For the past 5 months, our Climate Smart Agriculture community coordinators have been working with farmers in Dowa district; teaching them sustainable techniques to increase agricultural production whilst at the same time mitigating and adapting to climate change. How this project will have an impact on the farmers’ livelihoods can be best told by the farmers themselves and that is why participatory video is being used for monitoring and evaluation. In April, the coordinators were trained in participatory video facilitation by Sabine Hellmann of Climate Futures. Using the skills they gained in that training, the coordinators spent August and September guiding farmers through the video making process. In order to help the coordinators with the editing of the films made, and give a refresher on PV facilitation, last week, Sabine was back in Malawi to hold a workshop for the coordinators at our Mponela field office in Dowa.
The main objective of the weeklong workshop was to refresh the coordinators’ understanding of PV and to teach them new skills. Coordinators were also able to share their experiences working in the communities and discuss what worked well and what did not. And, with guidance from Sabine, the coordinators went through all the farmers’ footage and edited one story.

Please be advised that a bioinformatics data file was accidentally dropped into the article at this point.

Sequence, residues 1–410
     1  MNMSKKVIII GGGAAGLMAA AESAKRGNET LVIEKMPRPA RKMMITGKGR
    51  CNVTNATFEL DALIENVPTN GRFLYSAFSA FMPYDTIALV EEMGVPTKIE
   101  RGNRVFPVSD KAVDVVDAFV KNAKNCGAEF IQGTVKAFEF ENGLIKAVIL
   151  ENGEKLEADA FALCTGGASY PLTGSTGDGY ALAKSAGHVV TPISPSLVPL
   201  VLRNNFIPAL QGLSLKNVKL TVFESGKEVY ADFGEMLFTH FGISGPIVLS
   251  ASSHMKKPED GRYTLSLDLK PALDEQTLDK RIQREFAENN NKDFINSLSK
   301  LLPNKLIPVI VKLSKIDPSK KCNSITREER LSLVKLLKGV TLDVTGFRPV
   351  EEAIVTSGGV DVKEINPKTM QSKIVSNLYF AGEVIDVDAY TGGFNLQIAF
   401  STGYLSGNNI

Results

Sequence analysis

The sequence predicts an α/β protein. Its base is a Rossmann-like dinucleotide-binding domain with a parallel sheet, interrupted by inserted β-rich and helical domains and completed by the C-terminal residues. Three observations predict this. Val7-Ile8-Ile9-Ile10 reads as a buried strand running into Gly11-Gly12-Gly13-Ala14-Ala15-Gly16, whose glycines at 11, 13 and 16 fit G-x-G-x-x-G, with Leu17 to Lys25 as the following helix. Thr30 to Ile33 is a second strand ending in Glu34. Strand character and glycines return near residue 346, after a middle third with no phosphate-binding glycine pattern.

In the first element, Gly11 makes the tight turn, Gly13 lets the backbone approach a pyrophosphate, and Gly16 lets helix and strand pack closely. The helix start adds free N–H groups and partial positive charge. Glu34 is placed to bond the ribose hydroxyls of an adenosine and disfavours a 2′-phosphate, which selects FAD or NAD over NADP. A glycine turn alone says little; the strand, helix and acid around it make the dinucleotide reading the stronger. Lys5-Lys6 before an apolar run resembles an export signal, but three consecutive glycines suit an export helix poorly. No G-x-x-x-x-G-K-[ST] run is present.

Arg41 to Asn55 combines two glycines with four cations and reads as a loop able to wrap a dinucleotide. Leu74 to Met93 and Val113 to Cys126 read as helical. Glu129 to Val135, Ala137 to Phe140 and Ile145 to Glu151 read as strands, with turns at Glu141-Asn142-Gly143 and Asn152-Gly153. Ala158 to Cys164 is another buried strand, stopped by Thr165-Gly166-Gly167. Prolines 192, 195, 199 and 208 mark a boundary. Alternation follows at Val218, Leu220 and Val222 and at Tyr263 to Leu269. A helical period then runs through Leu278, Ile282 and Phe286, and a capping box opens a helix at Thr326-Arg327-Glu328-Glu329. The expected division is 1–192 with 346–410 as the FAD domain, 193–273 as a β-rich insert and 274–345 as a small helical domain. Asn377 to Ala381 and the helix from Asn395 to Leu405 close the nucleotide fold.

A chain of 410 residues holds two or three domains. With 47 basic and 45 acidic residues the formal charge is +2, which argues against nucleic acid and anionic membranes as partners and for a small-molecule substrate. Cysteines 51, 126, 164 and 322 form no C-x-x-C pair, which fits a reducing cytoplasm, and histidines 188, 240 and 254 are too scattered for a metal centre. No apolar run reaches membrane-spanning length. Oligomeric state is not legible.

In addition to the refresher course, coordinators were able to share the work they have been doing with the farmers on the ground, with one of our grant partners from Climate Futures, Charles Henderson, in from Scotland for a short trip. Together with Molly Cheatum, Charlie, Sabine, the coordinators and I visited some farmers in Dzoole and Madzimayela communities. Temwanani Gondwe, our community coordinator in Dzoole took us around the community where we met with farmers and saw their field and home gardens. In Madzimayela and surrounding villages, we were led by Joel Nkhwentchela who also showed us different fields where farmers have started practicing climate smart agriculture, and how they are using space around their home by planting home gardens. They also toured Kalonga village and other surrounding communities, where Vincent Makiyi showed how the farmers are using the CSA technologies like mulching and intercropping. Bananas that the farmers had received from Kusamala have been integrated into farmers’ grey water systems, and are being used to manage water running off from boreholes. It is encouraging to see these farmers embracing alternative ways of farming, as research is showing that the conventional ways are failing to suffice the livelihoods needs of farmers, both nutritional and economic.